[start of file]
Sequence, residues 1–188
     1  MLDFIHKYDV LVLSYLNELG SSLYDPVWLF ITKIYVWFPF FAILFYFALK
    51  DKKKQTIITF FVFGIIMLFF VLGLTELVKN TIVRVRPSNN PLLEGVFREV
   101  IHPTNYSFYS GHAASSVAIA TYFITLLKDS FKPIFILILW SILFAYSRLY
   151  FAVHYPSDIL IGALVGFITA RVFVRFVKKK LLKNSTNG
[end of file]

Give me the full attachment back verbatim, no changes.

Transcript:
Sequence, residues 1–188
     1  MLDFIHKYDV LVLSYLNELG SSLYDPVWLF ITKIYVWFPF FAILFYFALK
    51  DKKKQTIITF FVFGIIMLFF VLGLTELVKN TIVRVRPSNN PLLEGVFREV
   101  IHPTNYSFYS GHAASSVAIA TYFITLLKDS FKPIFILILW SILFAYSRLY
   151  FAVHYPSDIL IGALVGFITA RVFVRFVKKK LLKNSTNG